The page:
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The Suffolk Journal

Your School. Your Paper. Since 1936.

The Suffolk Journal

Your School. Your Paper. Since 1936.

The Suffolk Journal

Suffolk welcomes former members of Congress, gives students insight to public service

Leo Woods
(Left to right) Former Congressmen Fred Upton, Joe Hoeffel, Professor Rachael Cobb and Professor Shoshana Madmoni-Gerber at a live recording of the “Election Connection” podcast.

Suffolk University hosted two former members of Congress for the three-day-long Congress to Campus event, inviting students to engage with the two through participating in classes and various events.

This year, Suffolk welcomed returning guests Fred Upton and Joe Hoeffel. Hoeffel represented Pennsylvania’s 13th congressional district from 1999 to 2005, while Upton served as a U.S. representative from Michigan from 1987 to 2023. 

Throughout  interactions with students, two recurring questions seemed to emerge: “How can we be involved?” and “What advice can you give us?” 

The answer was resounding: Do it.

The event, spanning from Feb. 26-28, offered a unique opportunity for attendees to delve into the inner workings of the legislative branch, as well as explore topics surrounding public service, democracy and major legislative issues. 

The former congressmen spoke on a variety of topics, ranging from campaigning to impeachment, and included a live recording of the Election Connection Podcast with Suffolk professors Shoshana Madmoni-Gerber and Rachael Cobb. 

Neither Upton nor Hoeffel initially saw public service in their future. Hoeffel studied at Boston University and first became involved in politics through anti-Vietnam war activism. Upton earned his degree in journalism and worked as a sports editor for The Michigan Daily, with hopes of further pursuing a career in sports reporting.

It was political volunteer work that drew both to run for public office and find their own paths. 

Reflecting on his professional journey, Hoeffel encouraged students who are interested in pursuing politics to get experience in any way they can.

“I would urge students today to understand that they can intern, they can volunteer, they can get involved in campaigns … It’s people to people, you’ve got to have those communication skills,” Hoeffel said.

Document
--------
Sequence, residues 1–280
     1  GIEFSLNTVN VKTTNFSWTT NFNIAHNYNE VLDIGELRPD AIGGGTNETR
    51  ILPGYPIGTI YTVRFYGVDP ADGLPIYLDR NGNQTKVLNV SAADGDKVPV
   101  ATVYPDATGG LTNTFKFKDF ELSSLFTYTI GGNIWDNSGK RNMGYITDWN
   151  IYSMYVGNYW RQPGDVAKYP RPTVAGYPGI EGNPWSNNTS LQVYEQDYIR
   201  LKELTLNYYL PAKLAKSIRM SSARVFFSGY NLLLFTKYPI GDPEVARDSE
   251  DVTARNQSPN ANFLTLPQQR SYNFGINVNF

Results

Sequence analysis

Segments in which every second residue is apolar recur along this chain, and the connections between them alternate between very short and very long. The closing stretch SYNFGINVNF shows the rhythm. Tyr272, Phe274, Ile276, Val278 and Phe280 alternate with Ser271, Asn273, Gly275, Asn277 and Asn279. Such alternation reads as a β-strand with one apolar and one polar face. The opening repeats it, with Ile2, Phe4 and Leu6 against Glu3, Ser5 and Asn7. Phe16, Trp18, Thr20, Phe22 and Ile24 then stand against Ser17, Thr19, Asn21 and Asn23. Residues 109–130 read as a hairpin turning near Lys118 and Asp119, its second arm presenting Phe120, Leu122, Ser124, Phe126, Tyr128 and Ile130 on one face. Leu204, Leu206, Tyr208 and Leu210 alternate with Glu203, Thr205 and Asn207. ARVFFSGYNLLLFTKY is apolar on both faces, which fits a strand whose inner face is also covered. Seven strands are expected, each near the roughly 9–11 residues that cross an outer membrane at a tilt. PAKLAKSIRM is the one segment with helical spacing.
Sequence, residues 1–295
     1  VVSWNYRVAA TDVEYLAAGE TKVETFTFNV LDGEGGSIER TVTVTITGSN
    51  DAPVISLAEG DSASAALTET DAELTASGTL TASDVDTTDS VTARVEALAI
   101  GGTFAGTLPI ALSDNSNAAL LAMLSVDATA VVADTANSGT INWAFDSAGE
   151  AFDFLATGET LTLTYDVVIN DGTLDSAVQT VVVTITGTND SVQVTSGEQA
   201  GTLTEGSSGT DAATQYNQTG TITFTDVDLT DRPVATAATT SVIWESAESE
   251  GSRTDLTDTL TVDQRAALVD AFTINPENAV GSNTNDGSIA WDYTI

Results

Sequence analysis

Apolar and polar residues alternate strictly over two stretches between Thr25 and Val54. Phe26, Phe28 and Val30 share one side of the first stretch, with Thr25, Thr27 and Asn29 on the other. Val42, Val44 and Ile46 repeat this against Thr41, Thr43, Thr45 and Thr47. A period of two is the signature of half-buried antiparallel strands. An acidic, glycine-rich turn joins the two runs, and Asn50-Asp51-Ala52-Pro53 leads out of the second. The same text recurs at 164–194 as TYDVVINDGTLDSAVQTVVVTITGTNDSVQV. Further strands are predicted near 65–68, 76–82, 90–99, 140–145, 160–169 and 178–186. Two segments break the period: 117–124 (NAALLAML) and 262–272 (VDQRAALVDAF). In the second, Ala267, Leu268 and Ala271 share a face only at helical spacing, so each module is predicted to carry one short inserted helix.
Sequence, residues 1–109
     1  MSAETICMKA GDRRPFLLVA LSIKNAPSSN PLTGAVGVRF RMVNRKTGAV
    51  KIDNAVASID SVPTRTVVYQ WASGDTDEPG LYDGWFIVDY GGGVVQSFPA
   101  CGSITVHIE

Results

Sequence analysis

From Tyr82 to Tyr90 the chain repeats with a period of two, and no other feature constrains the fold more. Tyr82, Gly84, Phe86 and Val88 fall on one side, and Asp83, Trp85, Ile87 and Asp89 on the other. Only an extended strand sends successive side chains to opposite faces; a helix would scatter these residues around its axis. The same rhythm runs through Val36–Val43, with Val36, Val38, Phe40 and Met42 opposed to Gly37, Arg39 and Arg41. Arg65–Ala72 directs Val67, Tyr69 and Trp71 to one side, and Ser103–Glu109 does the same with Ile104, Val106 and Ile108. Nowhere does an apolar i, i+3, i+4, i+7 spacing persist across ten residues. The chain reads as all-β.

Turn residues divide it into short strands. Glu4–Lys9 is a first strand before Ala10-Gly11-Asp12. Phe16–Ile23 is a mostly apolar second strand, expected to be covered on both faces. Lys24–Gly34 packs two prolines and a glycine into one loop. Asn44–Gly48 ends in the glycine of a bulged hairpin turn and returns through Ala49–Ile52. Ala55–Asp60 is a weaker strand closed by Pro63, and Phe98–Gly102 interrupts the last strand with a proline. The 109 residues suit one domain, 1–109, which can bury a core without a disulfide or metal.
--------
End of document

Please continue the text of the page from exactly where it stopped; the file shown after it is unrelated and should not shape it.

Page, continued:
Furthering the sentiment of communication in government, Hoeffel emphasized the necessity of understanding opposing viewpoints and fostering mutual respect, drawing from his own experiences in political negotiations.

“Try to understand that you must have to compromise for government to work,” Hoeffel said. “It doesn’t mean compromising your beliefs or your values, but you’ve got to see the other guys’ point of view, learn as much as you can about whoever your opponent might be at the moment … and have respect for that person’s position.”

Both former congressmen said they are optimistic about the future of politics in the hands of Generation Z, a mindset bolstered by their interactions with Suffolk students during the visit.

“[Suffolk students are] a talented group of young men and women that are anxious to move forward, and I think they have a great opportunity right now,” said Upton.

Upton further stressed the importance of engagement and involvement among this demographic and encouraged students not to take a passive role in politics, specifically in the upcoming presidential election.

“We need you,” he said. “We need you not to vote uncommitted or not to be involved or to sit home, our nation is too valuable and somehow, we have to reignite that spark to let people know that they can make a difference.”

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About the Contributor
Leo Woods, Photo Editor | he/him

Leo is a senior political science major with a minor in journalism from Clinton, Connecticut. He has photographed political events, protests, performing arts groups and documented Boston Pride for the People for the History Project. Outside of Suffolk, Leo is an avid Dungeons and Dragons player and podcast listener. After graduation, he plans on attending law school and working in politics.

Follow Leo on X @leowoods108

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